One of the better things we could do for animals is to stop being vegans. Maybe instead we should simply stop participating in animal exploitation. Actions speak louder than words, and they also reduce us to inflammatory labels. And, let’s face it, the word “vegan” doesn’t have a lot of positive connotations in the non-vegan world.
One of the reasons my best friend and I are close is that we’re both very interested in social justice. But while we’re both vegans and both feminists, I identify more as a vegan and think much more about animals, whereas feminism is a much larger portion of her identity. She, like me, recognizes the inherent oppression of farming animals, and finds it morally abhorrent; but, unlike me, she is reticent to label herself a “vegan.” Another close friend, who has now abstained from animal products for over a year, cringes at even using the word because it instantly puts others on the defensive.
Sometimes the term “vegan” can be more divisive than inclusive. Encapsulating yourself in a word –especially the v-word –pigeonholes your character. A popular vegan stereotype is the wealthy snob with a bombastic, holier-than-thou outlook on life. They’re characterized by obstinate condescension, a naïve disconnect from reality, and smelly feet. Or, even better, they’re seen as members of a special interest group, just waiting for an opening in conversation yell about foie grois or throw fake blood.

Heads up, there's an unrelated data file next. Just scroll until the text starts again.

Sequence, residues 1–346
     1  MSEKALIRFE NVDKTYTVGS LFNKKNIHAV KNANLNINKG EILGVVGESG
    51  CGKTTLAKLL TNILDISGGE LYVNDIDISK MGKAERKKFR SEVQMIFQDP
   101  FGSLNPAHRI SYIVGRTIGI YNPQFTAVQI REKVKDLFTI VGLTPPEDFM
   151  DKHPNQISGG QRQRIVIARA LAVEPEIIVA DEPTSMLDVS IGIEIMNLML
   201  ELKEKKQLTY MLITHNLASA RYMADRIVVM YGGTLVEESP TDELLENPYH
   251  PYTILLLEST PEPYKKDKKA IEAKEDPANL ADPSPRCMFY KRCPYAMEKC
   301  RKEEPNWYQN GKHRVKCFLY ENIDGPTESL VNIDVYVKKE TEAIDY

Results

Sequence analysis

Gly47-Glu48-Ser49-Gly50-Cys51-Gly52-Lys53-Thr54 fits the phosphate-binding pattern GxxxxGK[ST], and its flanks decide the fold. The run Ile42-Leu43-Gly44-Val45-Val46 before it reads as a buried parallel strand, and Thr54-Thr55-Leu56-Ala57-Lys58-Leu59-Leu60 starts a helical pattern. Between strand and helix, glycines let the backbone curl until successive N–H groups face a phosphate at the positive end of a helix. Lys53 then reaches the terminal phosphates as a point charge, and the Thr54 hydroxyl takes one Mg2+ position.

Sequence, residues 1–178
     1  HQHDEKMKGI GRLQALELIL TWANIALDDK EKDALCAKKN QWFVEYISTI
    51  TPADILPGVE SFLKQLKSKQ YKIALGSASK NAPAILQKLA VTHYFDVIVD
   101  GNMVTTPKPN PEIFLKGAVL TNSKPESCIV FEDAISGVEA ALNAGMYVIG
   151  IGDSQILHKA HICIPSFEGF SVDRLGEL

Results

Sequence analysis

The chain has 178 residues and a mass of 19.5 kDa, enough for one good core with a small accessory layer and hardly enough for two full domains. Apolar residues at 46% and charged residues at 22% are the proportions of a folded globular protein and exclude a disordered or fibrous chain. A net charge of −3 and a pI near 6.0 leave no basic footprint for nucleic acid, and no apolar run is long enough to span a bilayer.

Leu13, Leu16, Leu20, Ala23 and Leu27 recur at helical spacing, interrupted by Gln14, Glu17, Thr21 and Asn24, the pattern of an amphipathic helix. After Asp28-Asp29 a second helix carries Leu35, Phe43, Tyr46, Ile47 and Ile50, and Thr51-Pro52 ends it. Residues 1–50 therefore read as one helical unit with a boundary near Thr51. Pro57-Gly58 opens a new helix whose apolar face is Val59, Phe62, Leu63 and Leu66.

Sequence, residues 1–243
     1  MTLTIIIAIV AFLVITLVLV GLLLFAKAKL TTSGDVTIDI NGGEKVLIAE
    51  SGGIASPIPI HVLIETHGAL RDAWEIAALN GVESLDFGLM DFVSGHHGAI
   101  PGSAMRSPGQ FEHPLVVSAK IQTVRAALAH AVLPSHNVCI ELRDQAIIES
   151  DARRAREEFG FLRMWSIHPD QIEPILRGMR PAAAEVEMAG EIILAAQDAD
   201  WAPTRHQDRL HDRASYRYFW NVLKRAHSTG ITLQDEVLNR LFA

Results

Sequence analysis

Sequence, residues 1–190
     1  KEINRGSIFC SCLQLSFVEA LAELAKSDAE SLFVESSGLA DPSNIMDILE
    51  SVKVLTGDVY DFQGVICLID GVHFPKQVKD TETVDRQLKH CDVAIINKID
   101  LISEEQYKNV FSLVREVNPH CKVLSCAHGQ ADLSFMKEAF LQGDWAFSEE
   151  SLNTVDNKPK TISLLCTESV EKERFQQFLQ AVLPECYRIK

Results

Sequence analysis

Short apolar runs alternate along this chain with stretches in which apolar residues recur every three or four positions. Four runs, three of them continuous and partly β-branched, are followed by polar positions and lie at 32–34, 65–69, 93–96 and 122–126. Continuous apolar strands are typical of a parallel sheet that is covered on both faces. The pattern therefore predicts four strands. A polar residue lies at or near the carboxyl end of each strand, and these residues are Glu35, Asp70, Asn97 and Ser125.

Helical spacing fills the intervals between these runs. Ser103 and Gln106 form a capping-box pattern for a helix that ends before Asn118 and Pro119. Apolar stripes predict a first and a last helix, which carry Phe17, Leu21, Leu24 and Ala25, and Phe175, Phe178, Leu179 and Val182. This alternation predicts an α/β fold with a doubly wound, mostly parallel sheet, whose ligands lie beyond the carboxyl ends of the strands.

If we’re going to convince a wider world full of good-hearted people who, for legitimate reasons, have their heart somewhere else, we should consider using rhetoric to promote acting a certain way, not being a certain way. Being “vegan” denies us many opportunities for open discussion with potential advocates. Instead of responding to queries with “I’m vegan”, perhaps we are better to explain why it is we oppose exploitation, thus identifying with a principle rather than cliché. Veganism: not just for vegans anymore!
Drew Winter is a writer and activist. A recent English/journalism graduate from Michigan State University, he was the president of MSU’s animal rights group, SPAR. He has given multiple talks on animal rights philosophy and was named one of the top 20 activists under 30 by VegNews magazine. He lives in Michigan.